27. The Project resulted in significant changes to the location, alignment, grades, paving and width of the Driveway.

28. A site plan prepared by Snelling & Hamel Associates, Inc., last revised on April 15, 2013, shows the Driveway Easement, as it existed prior to the alterations undertaken by Plaintiffs (the "Existing Conditions Plan").

29. Before the alterations, the Driveway Easement was generally straight and obstacle-free. Its paved width varied between 17.5 and 20 feet throughout. The pavement width exceeded 19 feet at each end, where the Driveway Easement connected to the Lot 1 driveway on the south and to the BP Access Easement on the north.

30. Before the alterations, the southern third section of the Driveway Easement gradually sloped downward from the Lot 1 driveway toward the central section of the Easement in front of the Plaintiffs' house. From there the pitch became steeper so that as it approached the Quarry-BP Property in the northern third section, the pitch was approximately 11%.

31. Before the alterations, the Driveway Easement connected directly to the paved driveway area at the entrance to the barn on Lot 1.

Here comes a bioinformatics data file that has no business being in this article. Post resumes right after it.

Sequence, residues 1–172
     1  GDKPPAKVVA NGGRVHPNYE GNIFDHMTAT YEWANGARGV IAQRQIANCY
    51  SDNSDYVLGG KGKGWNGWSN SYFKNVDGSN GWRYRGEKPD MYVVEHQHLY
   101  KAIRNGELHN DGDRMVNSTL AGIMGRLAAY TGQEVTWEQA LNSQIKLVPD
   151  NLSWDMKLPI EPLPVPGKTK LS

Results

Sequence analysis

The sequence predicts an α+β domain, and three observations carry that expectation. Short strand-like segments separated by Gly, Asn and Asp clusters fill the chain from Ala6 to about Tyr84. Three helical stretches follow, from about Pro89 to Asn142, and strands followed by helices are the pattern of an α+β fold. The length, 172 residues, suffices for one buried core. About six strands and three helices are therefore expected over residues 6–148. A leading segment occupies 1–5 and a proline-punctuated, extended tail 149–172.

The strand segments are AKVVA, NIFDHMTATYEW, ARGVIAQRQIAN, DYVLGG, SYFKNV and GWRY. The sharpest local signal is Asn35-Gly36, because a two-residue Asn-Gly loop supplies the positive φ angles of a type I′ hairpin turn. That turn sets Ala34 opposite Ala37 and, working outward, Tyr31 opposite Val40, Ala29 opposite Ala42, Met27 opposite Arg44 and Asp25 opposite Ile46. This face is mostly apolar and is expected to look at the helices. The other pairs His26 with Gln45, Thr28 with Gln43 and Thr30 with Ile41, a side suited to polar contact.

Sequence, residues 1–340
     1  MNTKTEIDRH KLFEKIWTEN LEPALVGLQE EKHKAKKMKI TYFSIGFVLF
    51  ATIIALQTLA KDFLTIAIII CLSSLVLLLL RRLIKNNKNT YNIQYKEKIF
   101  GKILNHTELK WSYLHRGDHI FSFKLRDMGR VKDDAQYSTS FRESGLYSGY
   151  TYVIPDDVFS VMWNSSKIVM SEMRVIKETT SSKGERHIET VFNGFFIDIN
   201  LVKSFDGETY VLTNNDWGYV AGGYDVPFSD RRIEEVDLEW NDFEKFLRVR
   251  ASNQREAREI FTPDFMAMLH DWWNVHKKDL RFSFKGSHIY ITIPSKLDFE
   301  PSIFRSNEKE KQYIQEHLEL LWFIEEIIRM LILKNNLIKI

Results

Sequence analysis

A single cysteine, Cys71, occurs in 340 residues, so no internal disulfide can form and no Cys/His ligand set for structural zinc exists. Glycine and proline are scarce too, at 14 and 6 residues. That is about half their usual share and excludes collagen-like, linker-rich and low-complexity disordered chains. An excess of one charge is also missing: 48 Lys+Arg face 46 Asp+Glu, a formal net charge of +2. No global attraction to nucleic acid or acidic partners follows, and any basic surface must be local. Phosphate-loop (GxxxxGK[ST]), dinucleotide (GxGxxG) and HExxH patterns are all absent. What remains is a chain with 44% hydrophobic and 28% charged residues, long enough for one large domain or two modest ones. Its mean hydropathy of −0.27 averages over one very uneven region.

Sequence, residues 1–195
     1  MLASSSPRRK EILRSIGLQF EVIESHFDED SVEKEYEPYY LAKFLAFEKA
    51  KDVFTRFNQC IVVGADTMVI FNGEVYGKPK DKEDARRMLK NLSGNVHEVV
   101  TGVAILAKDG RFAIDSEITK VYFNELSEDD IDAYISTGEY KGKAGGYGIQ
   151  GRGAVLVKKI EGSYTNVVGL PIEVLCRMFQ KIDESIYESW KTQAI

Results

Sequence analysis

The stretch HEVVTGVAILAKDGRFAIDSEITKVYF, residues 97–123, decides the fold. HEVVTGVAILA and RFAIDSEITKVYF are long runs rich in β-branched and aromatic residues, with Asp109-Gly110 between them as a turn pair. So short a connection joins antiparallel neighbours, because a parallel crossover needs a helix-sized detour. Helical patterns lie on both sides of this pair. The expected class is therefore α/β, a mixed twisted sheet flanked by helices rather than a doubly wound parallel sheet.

32. The Project significantly altered the dimensions, location, alignment and physical conditions of the Driveway Easement as follows:

a. The Project relocates the Driveway Easement approximately 34 feet to the east of its original point of connection with the Lot 1 driveway area in front of the barn, and at an elevation that is approximately 5 feet higher than the Lot 1 driveway, thereby completely disconnecting the Driveway Easement from the Lot 1 driveway.

b. The Project physically blocks off the original connection between the Lot 1 driveway and the Driveway Easement by planting a row of trees and installing a line of large boulders, as well as an added berm that is a few feet high. (See Ex. 37.)

c. The Project reduces the width of the Driveway Easement at the point of connection with Lot 1 to approximately 10.5 feet -- nearly half of its original width of 19 feet.

d. Instead of the relatively flat paved connection from Lot 1 to the original Driveway Easement, the relocated Driveway Easement can only be accessed from Lot 1 over an unpaved portion of Lot 1 and onto a steep 10.5% slope on Lot 2.

e. In the area in front of Plaintiffs' house, the Project replaces the relatively straight alignment of the Driveway Easement with a 60± diameter circular driveway, encircling an approximately 16-foot diameter fountain, and bordered with a stone retaining wall on its eastern side. The newly-constructed circular Driveway path is approximately 22 feet in width as it passes around the fountain.

f. The Project reduces the width of the northern third section of the Driveway Easement from approximately 17.5 feet to 15.5 feet at its narrowest point.